Unusually cold air will prevail across most of the Eastern U.S. for yet another week, making some inroads into the central states. Snow and ice continue to plague parts of the South and Atlantic: significant sleet and freezing rain are possible today from northeast Texas into Mississippi. Another round of wintry precipitation is likely midweek across parts of the mid-South, with the focus beginning to shift westward in a long-awaited pattern change by next weekend.
Apart from these events--and the record snow burying most of New England--it’s the cold that’s made its mark on the eastern United States this winter. A growing number of locations are within reach of their coldest February on record, and the last several days have been one of the most intense periods of cold on record for so late in the winter season in the Ohio Valley, Michigan, and the Southeast. A preliminary total of 398 daily record lows were set and 60 tied on Friday, February 20, according to NOAA’s Daily Weather Records
site. That’s one of the largest single-day swarms of record lows in recent memory. (January 6, 2014, saw a similar number in its final tally, but that was after data had been received by 4007 sites, about twice as many as in Friday's preliminary total.) Saturday racked up another 209 daily record lows broken and 23 tied.Figure 1.
Sunshine illuminates icicles in the winter-swathed landscape of Plainville, Massachusetts, on Friday, February 20. Image credit: wunderphotographer PvilleGuy
Did we just witness the
most intense U.S. cold wave so late in the winter? At some locations, that may be true, according to Weather Underground’s weather historian, Christopher C. Burt. He points out that if you examine the month of February as a whole, there are some strong challengers that occurred only a few days earlier in the month than the cold wave just experienced. “Concord, New Hampshire set its all-time record low of –37°F on Feb. 16, 1943, as did Portland, Maine with -39°F on the same date,”
Burt said. Then there was February 1936, when all-time state record lows were set at Parshall, North Dakota (–60°F on the 15th) and McIntosh, South Dakota (–58° on the 17th). More recently, Alpena, Michigan set its all-time record of –37° on Feb. 17, 1979, as did Escanaba (–32°F), and Marquette (–34°F). The next day, Old Forge, New York, set the all-time state record with –52°F, and Syracuse set an all-time low with –26°F. Burt’s take on the “coldest so late” debate: no matter whether it's early or late in February, you're still in meteorological winter. “I really don’t think one should talk about record-breaking late season cold for any event that takes place in February. I would posit that not until March should such discussions become relevant.”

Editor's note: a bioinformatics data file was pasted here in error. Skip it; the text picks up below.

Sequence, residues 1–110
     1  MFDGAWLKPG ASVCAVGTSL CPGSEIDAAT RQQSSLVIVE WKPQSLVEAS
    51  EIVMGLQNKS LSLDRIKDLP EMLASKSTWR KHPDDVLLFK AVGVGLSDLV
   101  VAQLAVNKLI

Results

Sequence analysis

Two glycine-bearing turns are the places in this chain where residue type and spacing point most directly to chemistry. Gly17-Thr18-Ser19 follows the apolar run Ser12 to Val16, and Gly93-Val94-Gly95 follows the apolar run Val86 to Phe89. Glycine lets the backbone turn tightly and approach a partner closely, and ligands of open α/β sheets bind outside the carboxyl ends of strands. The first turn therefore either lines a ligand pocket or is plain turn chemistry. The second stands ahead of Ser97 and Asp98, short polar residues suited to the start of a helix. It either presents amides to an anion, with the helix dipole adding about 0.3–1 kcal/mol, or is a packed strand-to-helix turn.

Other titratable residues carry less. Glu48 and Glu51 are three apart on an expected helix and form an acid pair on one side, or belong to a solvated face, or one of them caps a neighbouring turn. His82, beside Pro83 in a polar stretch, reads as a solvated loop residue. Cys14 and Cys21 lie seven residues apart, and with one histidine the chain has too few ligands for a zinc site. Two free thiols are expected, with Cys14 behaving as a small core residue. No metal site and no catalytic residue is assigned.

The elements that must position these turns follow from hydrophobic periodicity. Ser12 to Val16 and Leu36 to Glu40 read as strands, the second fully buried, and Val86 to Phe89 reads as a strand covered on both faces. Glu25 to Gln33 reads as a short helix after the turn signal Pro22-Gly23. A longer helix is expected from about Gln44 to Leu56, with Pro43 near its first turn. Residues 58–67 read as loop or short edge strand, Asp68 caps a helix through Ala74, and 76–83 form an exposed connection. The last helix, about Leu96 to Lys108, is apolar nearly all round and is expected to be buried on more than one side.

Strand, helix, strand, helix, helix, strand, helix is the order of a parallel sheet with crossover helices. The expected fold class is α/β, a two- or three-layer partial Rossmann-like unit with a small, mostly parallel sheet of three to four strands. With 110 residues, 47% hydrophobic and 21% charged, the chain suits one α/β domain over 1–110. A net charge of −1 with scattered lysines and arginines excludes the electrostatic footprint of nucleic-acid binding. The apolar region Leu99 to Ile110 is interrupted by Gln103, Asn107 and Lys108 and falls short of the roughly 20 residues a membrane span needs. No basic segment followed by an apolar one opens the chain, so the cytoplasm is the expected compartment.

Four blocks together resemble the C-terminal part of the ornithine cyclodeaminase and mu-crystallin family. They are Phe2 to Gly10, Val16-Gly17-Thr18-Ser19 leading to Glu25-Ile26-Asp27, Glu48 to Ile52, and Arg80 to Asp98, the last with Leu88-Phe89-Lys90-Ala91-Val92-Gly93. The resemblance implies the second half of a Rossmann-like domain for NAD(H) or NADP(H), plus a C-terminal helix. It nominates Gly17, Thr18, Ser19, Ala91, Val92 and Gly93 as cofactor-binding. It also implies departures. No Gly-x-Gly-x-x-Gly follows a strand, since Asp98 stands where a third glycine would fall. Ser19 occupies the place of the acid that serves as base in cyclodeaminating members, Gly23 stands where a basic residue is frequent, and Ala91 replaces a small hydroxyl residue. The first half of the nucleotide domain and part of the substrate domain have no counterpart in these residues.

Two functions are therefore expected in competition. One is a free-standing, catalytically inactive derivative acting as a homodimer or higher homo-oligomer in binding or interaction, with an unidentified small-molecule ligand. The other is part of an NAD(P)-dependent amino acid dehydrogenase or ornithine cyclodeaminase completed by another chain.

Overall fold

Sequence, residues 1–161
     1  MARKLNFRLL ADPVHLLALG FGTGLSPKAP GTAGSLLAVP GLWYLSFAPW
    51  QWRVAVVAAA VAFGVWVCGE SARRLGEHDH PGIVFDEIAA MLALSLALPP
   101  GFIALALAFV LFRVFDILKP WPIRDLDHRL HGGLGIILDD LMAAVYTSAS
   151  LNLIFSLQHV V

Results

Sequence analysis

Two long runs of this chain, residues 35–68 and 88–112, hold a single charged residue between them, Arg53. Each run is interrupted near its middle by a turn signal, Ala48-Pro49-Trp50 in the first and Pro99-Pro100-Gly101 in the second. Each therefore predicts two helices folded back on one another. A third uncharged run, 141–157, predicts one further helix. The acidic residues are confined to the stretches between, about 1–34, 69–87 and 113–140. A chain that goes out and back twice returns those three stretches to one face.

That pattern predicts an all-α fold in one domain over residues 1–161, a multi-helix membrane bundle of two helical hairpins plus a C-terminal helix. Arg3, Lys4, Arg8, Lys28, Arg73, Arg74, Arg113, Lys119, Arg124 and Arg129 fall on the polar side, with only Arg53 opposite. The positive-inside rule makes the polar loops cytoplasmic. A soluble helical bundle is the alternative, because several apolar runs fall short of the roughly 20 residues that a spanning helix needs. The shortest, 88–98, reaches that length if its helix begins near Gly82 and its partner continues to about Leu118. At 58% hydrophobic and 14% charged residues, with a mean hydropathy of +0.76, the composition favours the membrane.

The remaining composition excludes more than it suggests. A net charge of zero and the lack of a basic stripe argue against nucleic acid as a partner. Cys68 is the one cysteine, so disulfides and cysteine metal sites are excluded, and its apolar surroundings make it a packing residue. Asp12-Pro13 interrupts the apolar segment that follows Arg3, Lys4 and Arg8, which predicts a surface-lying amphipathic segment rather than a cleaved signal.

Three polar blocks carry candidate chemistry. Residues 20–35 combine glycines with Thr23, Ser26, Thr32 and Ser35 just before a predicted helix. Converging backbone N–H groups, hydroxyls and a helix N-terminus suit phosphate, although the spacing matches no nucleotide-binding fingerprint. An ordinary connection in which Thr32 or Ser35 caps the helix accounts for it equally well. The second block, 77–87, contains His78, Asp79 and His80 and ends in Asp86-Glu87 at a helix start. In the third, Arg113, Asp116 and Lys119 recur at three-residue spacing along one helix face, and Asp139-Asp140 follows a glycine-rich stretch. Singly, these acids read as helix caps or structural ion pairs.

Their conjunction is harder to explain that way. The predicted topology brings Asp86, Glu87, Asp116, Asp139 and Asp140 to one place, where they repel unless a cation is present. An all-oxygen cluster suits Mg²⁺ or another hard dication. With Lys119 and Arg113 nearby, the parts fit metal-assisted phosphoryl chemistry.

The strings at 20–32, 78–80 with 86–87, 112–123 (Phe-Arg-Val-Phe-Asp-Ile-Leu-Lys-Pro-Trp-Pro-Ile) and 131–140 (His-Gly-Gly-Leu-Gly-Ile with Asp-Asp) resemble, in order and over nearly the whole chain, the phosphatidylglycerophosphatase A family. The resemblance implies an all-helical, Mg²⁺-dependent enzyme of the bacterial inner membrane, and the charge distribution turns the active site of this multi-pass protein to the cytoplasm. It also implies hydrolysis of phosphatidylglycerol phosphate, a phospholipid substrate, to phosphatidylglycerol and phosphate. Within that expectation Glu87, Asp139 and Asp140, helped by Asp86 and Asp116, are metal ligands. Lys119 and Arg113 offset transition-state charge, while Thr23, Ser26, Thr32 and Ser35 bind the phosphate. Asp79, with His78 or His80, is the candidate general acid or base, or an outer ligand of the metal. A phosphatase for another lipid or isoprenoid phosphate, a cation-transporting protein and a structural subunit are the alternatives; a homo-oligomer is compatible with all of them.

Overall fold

Burt adds that a close look at region-wide anomalies, rather than individual stations, is the way to find the rightful place for last week’s event next to other frigid February periods.
One challenge with assessing local records is that many of the nation’s oldest reporting stations have moved one or more times in their history. NOAA has made an effort to “thread” these datasets
into continuous long-term records, but not all databases are complete and some aspects of station history can be difficult to unearth. Last Friday, we reported that Flint, MI, had tied its all-time record on Friday of -25°F, originally recorded on Jan. 18, 1976. Weather records expert Maximiliano Herrera wrote me to note that the records at the Flint airport go back to 1948, not 1921 as is commonly stated. Measurements were taken at a different location 7 miles from town from 1921 to 1948, and it turns out that Flint dipped to –28°F on Feb. 14, 1916, at another, still-earlier reporting site. Also, Jamestown, NY, tied rather than broke its all-time high, since the town reached –31°F on Jan. 5, 1904. More details pertaining to these and other records can be found at Herrera's comment (#1041) on Friday's blog post
. Herrera maintains a comprehensive list of extreme temperature records for every nation in the world on his website. Visit this week’s Portlight Strategies workshop via livestream
Portlight Strategies, Inc. and the Hampton Roads Regional Catastrophic Planning Team will present the Getting It Right Workshop
this Tuesday and Wednesday, Feb. 22 - 23. The workshop will provide tools to facilitate full integration and inclusion in all aspects of emergency preparedness and response. Speakers include representatives from FEMA, the American Red Cross, and disability stakeholder organizations. The proceedings will be livestreamed
starting at 9:00 AM EST on Tuesday. Founded and staffed by members of the Weather Underground community, Portlight Strategies is a 501(c)(3) organization that facilitates a variety of projects involving people with disabilities, including post-disaster relief work. Portlight's longest-running disaster recovery effort unfolded over 18 months following the devastation of Superstorm Sandy in the shore communities of New Jersey and parts of New York City.Figure 2.
The iconic Flatirons of Boulder, Colorado, on Monday morning, February 23. Although much of the western U.S. is dealing with drought, Boulder is having a record-snowy February, with 38.4" recorded through Monday morning at the local COOP observing station on the NIST/NOAA campus. Boulder snow records
go back to 1899, with reliable COOP station data beginning in 1990. Image credit: Joshua Wurman, Center for Severe Weather Research.